Tuesday, September 11, 2012

Archival Adventures (Let's Explore!)

In Garth Nix’s novel Lirael, archives and libraries hold special powers. They are dangerous, alluring places filled with ancient books seething with written magic, where the librarians equip themselves with swords and the knowledge that they might not come back if they wander into the wrong section. Behind every door, ancient secrets come to life from ink and paper and there’s no turning back once you look in.

It’s a good thing that those libraries are fiction (imagine the insurance bills!), but Nix’s imaginings do hold a bit of truth. If knowledge is power, then libraries and archives are weapons of mass construction. Don’t worry, in Special Collections, enchanted creatures don’t come springing out of our shelves and you won’t need a sword to peruse the archives. However, there’s something magical about exploring archives. Time seems to disappear and your research pile mysteriously grows taller. You find connections in history between people, places, and things you had no idea about when you started. The most important thing, though, is that you come away with a broader perspective, more understanding about what you're researching, and a greater desire to explore and learn.

On that note, with the start of the fall 2012 semester and the Pattee/Paterno Library Open House, I'd like to take you for a backstage tour of some things you don't get to see when you visit Special Collections. Unfortunately, while we can’t show you everything here on the blog, I thought I might unveil some of the mystery of where exactly we get all that stuff we bring out to you in the Reading Room. 

When you first walk in, you get a nice sample of some of the rare books, manuscripts, and items we keep here at Special Collections. The exhibits do change, so check back frequently to see the newest offering!

On display until September 24th is "The Land Grant Act at 150: Promoting Liberal and Practical Education at Penn State"

See the doors at the very back? This is our Reading Room. Come on in...just make sure to check in at the desk--out of frame on the right--first! If you're not quite sure of the procedure, please either visit our home page or read our Special Collections tutorial (#8 on the list is a walk-through of the Reading Room with pictures). Now to the part you don't normally get to see!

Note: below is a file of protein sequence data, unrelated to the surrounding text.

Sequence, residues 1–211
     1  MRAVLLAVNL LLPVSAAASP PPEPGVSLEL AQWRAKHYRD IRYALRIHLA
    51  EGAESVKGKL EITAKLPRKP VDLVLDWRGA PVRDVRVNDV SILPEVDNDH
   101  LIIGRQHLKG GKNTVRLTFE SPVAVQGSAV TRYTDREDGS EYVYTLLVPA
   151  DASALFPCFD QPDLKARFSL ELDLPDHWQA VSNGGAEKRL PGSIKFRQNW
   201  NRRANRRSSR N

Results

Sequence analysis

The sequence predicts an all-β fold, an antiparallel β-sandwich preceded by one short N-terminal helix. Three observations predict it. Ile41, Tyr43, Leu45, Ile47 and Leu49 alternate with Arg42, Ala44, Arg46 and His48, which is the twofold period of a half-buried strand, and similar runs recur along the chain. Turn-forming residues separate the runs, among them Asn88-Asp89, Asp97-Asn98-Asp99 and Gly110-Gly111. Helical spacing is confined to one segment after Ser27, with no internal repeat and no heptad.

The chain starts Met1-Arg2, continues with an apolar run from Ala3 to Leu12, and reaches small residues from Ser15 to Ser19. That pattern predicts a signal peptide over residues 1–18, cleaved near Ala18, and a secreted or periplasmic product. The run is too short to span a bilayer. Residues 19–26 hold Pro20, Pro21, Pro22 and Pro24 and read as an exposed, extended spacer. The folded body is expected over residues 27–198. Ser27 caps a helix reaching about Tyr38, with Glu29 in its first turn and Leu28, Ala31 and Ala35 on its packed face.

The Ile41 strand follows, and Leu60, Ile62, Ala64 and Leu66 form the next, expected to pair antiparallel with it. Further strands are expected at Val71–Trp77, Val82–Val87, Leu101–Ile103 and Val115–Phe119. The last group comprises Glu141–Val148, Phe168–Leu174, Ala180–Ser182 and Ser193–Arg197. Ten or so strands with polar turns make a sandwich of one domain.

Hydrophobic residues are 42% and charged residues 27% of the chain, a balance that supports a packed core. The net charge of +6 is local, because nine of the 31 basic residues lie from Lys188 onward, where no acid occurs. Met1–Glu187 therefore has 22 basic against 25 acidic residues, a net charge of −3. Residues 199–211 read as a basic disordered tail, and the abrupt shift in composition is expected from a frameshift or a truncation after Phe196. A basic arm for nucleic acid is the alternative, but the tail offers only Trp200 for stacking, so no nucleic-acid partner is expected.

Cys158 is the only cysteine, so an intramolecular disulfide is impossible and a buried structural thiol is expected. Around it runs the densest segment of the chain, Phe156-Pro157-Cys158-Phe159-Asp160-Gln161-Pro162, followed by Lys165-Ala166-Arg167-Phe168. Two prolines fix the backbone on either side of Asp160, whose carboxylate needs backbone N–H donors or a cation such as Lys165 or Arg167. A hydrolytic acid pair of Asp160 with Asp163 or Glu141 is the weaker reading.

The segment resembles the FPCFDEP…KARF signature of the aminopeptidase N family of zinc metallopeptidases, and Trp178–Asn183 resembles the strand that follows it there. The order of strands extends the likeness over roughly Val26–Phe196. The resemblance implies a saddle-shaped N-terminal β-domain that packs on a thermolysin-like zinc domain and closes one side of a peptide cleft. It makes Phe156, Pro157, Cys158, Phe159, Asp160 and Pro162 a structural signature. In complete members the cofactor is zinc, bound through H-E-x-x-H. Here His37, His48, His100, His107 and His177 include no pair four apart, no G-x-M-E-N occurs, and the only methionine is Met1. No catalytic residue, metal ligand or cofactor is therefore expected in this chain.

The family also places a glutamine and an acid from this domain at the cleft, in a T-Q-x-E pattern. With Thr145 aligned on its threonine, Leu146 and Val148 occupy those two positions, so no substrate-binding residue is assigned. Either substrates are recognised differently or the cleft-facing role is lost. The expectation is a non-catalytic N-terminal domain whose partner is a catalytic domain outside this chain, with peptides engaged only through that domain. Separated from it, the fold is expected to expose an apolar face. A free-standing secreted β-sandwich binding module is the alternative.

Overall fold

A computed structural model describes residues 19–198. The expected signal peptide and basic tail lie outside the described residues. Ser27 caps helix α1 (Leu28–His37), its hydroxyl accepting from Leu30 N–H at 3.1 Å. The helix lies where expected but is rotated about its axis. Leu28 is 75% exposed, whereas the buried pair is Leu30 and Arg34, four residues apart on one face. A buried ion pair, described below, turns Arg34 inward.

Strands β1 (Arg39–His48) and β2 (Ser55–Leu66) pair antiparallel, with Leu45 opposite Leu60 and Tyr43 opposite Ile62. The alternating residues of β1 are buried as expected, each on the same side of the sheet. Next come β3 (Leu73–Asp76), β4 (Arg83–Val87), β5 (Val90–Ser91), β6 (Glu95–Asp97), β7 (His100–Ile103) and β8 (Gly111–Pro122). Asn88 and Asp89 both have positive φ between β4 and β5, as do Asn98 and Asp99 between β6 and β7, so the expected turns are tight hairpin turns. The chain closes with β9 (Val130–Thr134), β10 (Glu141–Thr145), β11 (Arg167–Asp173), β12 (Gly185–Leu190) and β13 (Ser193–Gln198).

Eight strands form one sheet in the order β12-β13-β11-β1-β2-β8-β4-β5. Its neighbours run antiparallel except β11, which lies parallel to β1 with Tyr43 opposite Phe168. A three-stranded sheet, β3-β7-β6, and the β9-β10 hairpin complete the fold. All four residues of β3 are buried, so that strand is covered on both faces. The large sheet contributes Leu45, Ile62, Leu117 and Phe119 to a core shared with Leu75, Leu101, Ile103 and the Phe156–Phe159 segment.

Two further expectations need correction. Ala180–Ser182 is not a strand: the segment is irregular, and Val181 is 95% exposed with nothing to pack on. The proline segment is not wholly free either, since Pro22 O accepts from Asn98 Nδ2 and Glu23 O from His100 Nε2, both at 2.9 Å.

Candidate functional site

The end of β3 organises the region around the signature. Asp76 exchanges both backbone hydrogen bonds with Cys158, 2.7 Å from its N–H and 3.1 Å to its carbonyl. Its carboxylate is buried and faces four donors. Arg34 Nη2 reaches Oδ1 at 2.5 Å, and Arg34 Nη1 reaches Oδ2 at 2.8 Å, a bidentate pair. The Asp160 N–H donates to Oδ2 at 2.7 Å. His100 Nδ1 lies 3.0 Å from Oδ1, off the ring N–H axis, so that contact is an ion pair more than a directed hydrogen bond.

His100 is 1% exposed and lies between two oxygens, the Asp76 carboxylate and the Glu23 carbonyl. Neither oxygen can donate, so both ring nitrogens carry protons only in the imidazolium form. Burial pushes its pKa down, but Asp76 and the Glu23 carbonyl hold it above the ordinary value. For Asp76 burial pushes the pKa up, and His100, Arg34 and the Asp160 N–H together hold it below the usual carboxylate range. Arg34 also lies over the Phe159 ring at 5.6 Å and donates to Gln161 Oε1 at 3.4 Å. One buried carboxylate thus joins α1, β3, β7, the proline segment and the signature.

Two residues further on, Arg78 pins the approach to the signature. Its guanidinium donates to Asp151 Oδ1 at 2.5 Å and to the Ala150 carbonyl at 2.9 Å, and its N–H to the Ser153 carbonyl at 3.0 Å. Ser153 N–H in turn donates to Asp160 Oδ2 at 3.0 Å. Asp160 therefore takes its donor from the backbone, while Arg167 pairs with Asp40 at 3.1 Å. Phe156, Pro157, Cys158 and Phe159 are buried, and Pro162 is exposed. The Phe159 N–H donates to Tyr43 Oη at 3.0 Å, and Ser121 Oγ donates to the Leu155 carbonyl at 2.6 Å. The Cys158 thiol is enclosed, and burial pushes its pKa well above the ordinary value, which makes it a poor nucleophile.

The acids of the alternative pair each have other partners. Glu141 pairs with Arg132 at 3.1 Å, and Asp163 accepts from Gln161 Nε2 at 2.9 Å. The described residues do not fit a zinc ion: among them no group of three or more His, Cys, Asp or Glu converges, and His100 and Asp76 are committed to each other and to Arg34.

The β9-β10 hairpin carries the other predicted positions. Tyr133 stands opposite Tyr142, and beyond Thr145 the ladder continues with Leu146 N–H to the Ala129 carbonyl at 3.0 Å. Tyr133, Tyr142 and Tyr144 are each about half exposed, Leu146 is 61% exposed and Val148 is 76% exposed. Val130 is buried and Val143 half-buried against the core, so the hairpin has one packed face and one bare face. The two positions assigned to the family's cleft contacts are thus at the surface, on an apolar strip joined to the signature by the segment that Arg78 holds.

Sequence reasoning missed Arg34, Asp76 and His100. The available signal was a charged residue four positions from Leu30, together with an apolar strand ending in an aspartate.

Behind the doors in the Reading Room, we've got offices, the processing area, and other things needed to keep Special Collections serving you and functioning day to day. Nothing too fancy, and nothing really too interesting for anyone who isn't working here. The really cool part, the heart of Special Collections, is one floor down...

This isn't even all of them.

Each of those shelves moves with the push of a button for even more storage space and accessibility. Just think, try to imagine for a moment, how much we have down here based on this one picture alone...now double it. Quadruple that and you might get a decent estimate near what we have in the main storage, cold storage, the Annexes, and our other storage rooms for Fred Waring's America and Blockson combined. I know I'm getting excited here, so bear with me, but the knowledge held in this picture is priceless. It would also take many, many years and lots of people to go through and harvest that knowledge completely, because we're still getting boxes of new material pretty much every day

Boxes upon boxes upon boxes. What will you find?

If you're an academic explorer, this place is the treasure vault that never runs dry.

Finally, I've gotten to the books. But we all know we had those down here!

Just for the heck of it, I also took a picture of one of our intern's pamphlet folder work since she so neatly laid them out to dry. These will be used to help preserve our more delicate pamphlets.

I've been working here nearly two years, gone through multiple tours during my time as a student, and I still get all excited just looking at the pictures. Actually getting to go down into the heart of Special Collections is a trial in maintaining my composure (aka not getting distracted or sidetracked). If you're like me, hunting for one book means you don't come back with it, but you do come back with 10 other books nowhere near the same subject as the original prey. I may not be in Nix's universe, but libraries and archives are still an exciting promise of adventure, learning, and mystery...just without all the physical danger.

So, if you like exploring history and want to find out more about Special Collections, come visit us during our Open House (September 12th/13th, 2012)! We look forward to seeing you there and continuing to help you research in the future. Otherwise, keep tuned for more archive adventures...I'll try to get some good stories, focus on interesting collections or specific items, and continue my search for intrigues and oddities!


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